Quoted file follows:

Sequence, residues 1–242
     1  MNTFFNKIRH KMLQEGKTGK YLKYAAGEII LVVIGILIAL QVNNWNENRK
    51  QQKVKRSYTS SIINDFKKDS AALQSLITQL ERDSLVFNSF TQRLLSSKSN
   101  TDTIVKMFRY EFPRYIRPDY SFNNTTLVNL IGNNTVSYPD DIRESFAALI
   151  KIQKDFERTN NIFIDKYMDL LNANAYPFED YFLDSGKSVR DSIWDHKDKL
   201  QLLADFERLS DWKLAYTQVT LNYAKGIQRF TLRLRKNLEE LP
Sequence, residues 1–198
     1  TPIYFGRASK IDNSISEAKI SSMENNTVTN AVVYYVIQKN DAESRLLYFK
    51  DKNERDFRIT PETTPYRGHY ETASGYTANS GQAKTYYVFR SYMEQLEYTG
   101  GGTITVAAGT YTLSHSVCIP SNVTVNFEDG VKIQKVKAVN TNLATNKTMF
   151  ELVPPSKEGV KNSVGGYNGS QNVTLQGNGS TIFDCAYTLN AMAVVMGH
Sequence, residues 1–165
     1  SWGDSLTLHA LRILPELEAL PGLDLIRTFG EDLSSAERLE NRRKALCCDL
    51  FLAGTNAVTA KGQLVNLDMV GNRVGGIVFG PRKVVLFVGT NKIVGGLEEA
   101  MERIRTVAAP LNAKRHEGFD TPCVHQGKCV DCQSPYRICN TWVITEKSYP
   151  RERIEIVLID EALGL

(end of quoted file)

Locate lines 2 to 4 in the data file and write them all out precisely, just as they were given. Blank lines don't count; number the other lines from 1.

     1  MNTFFNKIRH KMLQEGKTGK YLKYAAGEII LVVIGILIAL QVNNWNENRK
    51  QQKVKRSYTS SIINDFKKDS AALQSLITQL ERDSLVFNSF TQRLLSSKSN
   101  TDTIVKMFRY EFPRYIRPDY SFNNTTLVNL IGNNTVSYPD DIRESFAALI